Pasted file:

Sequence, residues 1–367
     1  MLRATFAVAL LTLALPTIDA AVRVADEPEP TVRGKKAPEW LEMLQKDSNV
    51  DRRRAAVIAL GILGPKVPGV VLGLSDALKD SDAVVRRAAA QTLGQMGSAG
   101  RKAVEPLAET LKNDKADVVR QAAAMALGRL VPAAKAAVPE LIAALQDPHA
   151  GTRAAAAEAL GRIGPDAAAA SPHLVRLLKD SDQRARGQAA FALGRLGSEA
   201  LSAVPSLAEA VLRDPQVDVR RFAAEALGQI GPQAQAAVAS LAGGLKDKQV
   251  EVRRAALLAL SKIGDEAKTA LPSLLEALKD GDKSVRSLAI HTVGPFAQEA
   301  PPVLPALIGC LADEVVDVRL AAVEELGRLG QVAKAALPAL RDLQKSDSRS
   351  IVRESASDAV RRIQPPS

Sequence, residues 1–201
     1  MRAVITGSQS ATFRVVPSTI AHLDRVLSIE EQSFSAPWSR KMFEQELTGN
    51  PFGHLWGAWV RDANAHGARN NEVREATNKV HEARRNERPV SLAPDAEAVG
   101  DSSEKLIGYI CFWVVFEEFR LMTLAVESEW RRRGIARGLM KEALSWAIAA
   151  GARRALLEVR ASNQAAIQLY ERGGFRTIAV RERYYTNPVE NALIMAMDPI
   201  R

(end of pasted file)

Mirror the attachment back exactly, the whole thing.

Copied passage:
Sequence, residues 1–367
     1  MLRATFAVAL LTLALPTIDA AVRVADEPEP TVRGKKAPEW LEMLQKDSNV
    51  DRRRAAVIAL GILGPKVPGV VLGLSDALKD SDAVVRRAAA QTLGQMGSAG
   101  RKAVEPLAET LKNDKADVVR QAAAMALGRL VPAAKAAVPE LIAALQDPHA
   151  GTRAAAAEAL GRIGPDAAAA SPHLVRLLKD SDQRARGQAA FALGRLGSEA
   201  LSAVPSLAEA VLRDPQVDVR RFAAEALGQI GPQAQAAVAS LAGGLKDKQV
   251  EVRRAALLAL SKIGDEAKTA LPSLLEALKD GDKSVRSLAI HTVGPFAQEA
   301  PPVLPALIGC LADEVVDVRL AAVEELGRLG QVAKAALPAL RDLQKSDSRS
   351  IVRESASDAV RRIQPPS

Sequence, residues 1–201
     1  MRAVITGSQS ATFRVVPSTI AHLDRVLSIE EQSFSAPWSR KMFEQELTGN
    51  PFGHLWGAWV RDANAHGARN NEVREATNKV HEARRNERPV SLAPDAEAVG
   101  DSSEKLIGYI CFWVVFEEFR LMTLAVESEW RRRGIARGLM KEALSWAIAA
   151  GARRALLEVR ASNQAAIQLY ERGGFRTIAV RERYYTNPVE NALIMAMDPI
   201  R